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# Introduction to MATHS

## Why

This set of notes gives you a way to prepare formal or mathematical statements in ASCII. MATHS is very simple. It relies on smart interpreters to render it for presentation and analysis - there is a prototype tool for producing HTML for example. There experiemntal searching tools for it.

If you want an easy to learn technique and do not need complex mathematical formula, but you do want to structure your document and incclude some formulae, then MATHS may help you.

## Sample

` 		. Subsection heading`
` 		paragraph...`

` 		paragraph...`
` 		. Subsection heading`
` 		paragraph...`

` 		paragraph...`
Formal Parts
` 		 defined_term::=expression`
` 			formula`
` 		(Evidence)|- (label): Conclusion`
` 		.See Universal_Resource_Locator`
` 			... \$term ...`
Structures
` 		.Set`
` 			item`
` 			item`
` 		.Close.Set`

` 		.Box`
` 			item`
` 			item`
` 		.Close.Box`

` 		.Open Section`
` 		paragraph...`

` 		paragraph...`

` 		.Close Section`
Logical Net of pieces and properties
` 		.Net`
` 			item`
` 			item`
` 		.Close.Net`
Experiment with Some Assumptions
` 		.Let`
` 			Assumptions`
` 			Derived formulae`
` 		.Close.Let`
` 		()|- Conclusion`

## Introduction

As a rule MATHS documents have definitions, declarations, assumptions, and theorems.
` 	::=	Indicates a definition (like in BNF and EBNF)`
` 	::	Indicates a declaration`
` 	|-	Indicates a theorem, axiom or other assertion.`
The definitions, declarations, and formulae (quoted, proved, or unproven) are surrounded by comments. This should be informal and help the reader understand what is going on.

A document is often split up into sections. This is done by directives. A directive starts with a period(.) as the first character in a line. Sections can be further split up into subsections. Ultimately a piece of documentation is a series of paragraphs(separated by blank lines), Definitions and declarations (see above), and formulae (Starting with 'For' or indented one or more tapbs or spaces. Some sections can indicate a prefered format: Set, Box, etc.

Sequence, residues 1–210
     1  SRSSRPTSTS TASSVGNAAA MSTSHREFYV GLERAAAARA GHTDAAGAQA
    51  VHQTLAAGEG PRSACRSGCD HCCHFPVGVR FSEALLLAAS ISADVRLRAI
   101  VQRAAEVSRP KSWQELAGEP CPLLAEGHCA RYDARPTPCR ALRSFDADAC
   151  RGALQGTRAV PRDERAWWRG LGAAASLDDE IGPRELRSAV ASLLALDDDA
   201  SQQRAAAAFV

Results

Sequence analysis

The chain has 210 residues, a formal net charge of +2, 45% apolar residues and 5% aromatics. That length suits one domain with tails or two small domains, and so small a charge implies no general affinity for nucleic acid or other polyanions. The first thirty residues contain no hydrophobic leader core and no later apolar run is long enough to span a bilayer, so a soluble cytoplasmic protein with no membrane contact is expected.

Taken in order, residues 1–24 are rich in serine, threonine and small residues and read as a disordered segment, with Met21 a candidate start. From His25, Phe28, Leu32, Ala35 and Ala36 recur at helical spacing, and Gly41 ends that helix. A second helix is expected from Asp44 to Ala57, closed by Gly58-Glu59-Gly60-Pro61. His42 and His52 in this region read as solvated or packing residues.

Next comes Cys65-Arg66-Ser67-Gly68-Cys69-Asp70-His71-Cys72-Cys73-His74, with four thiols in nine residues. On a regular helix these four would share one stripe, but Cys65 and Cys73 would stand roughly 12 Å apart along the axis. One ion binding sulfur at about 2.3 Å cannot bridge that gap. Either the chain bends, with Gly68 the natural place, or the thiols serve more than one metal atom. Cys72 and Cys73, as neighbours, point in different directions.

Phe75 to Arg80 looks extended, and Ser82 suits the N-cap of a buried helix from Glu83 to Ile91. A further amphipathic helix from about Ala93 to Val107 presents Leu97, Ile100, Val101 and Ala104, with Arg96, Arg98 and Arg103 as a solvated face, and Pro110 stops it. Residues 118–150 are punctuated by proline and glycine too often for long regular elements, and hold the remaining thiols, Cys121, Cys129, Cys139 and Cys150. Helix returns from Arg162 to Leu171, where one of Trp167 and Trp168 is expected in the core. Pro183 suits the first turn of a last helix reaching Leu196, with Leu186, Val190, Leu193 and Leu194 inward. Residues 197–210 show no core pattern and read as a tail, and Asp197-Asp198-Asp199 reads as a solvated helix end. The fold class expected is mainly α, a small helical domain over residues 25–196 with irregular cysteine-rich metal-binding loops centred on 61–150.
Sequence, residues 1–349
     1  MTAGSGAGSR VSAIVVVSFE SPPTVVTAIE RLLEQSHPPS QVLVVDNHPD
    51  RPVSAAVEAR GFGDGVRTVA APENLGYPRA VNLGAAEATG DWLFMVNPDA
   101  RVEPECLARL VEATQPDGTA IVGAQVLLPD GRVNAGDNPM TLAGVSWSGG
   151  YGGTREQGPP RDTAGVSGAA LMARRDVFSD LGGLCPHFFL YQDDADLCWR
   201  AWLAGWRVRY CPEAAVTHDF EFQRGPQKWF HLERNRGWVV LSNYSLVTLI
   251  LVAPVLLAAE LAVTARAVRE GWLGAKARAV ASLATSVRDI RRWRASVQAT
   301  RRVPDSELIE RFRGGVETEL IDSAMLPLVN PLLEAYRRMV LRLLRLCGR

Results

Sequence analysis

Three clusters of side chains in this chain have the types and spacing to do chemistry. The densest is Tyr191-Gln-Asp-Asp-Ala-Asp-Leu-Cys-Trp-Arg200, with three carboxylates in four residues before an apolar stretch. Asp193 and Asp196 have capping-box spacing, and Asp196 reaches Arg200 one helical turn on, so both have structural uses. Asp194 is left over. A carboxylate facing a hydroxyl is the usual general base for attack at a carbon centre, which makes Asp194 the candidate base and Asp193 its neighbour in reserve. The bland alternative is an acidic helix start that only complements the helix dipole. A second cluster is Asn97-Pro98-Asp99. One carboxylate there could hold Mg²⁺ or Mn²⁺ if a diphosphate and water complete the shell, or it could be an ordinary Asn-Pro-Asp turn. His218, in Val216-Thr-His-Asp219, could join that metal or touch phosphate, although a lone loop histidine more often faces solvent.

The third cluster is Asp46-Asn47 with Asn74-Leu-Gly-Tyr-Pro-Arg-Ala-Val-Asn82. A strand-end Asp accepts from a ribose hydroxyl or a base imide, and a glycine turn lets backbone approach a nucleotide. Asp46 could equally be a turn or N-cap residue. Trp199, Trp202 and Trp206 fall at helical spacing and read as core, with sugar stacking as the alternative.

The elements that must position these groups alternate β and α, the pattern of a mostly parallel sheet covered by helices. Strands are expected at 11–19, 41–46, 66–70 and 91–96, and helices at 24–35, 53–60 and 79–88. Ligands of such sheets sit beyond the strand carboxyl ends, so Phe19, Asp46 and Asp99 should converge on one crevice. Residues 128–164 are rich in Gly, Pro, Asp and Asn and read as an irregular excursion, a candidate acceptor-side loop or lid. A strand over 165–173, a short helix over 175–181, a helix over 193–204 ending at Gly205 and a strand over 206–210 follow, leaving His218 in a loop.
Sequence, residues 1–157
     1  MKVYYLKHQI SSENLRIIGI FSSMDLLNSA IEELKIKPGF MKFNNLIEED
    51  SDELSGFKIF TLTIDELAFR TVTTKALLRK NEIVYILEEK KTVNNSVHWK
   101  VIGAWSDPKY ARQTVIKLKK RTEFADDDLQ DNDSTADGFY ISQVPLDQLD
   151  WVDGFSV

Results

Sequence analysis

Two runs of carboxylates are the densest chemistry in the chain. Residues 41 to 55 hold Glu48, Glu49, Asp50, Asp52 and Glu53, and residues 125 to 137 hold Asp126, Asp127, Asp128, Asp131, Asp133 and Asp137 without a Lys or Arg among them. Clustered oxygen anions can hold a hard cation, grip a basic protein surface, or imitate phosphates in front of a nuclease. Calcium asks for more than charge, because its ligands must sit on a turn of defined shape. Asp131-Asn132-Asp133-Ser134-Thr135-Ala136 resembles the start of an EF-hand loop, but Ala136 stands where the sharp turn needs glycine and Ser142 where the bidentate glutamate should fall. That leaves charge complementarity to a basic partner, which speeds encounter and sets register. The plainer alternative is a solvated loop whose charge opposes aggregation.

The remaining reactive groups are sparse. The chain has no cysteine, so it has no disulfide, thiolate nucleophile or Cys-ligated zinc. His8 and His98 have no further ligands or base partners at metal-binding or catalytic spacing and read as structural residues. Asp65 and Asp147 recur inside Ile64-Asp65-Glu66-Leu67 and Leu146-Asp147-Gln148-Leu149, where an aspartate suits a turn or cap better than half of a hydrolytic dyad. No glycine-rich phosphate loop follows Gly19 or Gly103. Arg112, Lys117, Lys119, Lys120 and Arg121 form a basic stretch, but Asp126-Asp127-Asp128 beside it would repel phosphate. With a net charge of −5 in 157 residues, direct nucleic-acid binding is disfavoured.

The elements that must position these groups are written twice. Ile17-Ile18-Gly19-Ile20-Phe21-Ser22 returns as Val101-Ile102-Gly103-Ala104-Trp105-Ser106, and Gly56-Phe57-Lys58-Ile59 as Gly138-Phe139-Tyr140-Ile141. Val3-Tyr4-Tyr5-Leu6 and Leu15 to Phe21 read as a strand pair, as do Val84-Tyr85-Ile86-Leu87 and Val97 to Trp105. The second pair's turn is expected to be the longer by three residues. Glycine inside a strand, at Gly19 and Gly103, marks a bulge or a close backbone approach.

Any collection of definitions, declarations, etc can be bracketed together and given a name using this syntax:

`	NAME::=Net{`
`		Any documentation`
`	}=::NAME.`
There is an alternative syntax:
`	NAME::=following.`
` 	.Net`
`		Any documentation`
`	.Close.Net`
These are just definitions, linking a NAME to a meaning. The meaning in this case being the contents. The NAME can the be used both formally and informally elsewhere to refer to the contents. The word "Net" was chosen because it is a short English word indicating a collection of interconnected objects. The word "Web" is already in use in computing for interconnected texts. A net is for interconnected ideas. Alternative forms include unordered Sets, Boxes, arguments (Lets), and Tables.

Nets are a way of defining record structures, sets and classes of objects: [ intro_records.html ]

The raw form of MATHS uses simple notations to show structure and links:

` 	.Open Header`
` 	section`
` 	.Close Header`
Sections can be nested. A section can be made of simple headers and paragraphs.
` 	. Header2`
` 	paragraph`

` 	paragraph`
` 	...`

Cross references are shown like this

` 	.See NAME`
`		where NAME is defined to be a "Net{.....}"`
`			or any labeled formula`
` 	.See Header`
`		where Header is any section header in the file`
` 	.See Any Universal Resource locator`
`		proticol://host/path/file#anchor`

The raw (foo.mth) from is translated to the WWW form (foo.html) automatically by the UNIX script [ mth2html ] that in turn needs a compiled ANSI C program [ ascii2html.c ] to handle the character conversions.

## This Document in MATHS & HTML

The raw form of this document is in [ intro_documentation.mth ] and the WWW form can be seen by viewing the source of this document in your browser options

. . . . . . . . . ( end of section Introduction to MATHS) <<Contents | Index>>